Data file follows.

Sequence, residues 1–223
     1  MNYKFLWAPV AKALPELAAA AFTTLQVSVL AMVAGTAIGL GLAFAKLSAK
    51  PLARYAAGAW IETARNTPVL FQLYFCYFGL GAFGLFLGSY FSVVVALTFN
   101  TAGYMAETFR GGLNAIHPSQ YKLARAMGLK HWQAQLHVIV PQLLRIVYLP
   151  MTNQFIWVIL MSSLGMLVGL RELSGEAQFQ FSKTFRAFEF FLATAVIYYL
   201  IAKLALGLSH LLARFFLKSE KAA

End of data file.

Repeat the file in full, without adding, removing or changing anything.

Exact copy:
Sequence, residues 1–223
     1  MNYKFLWAPV AKALPELAAA AFTTLQVSVL AMVAGTAIGL GLAFAKLSAK
    51  PLARYAAGAW IETARNTPVL FQLYFCYFGL GAFGLFLGSY FSVVVALTFN
   101  TAGYMAETFR GGLNAIHPSQ YKLARAMGLK HWQAQLHVIV PQLLRIVYLP
   151  MTNQFIWVIL MSSLGMLVGL RELSGEAQFQ FSKTFRAFEF FLATAVIYYL
   201  IAKLALGLSH LLARFFLKSE KAA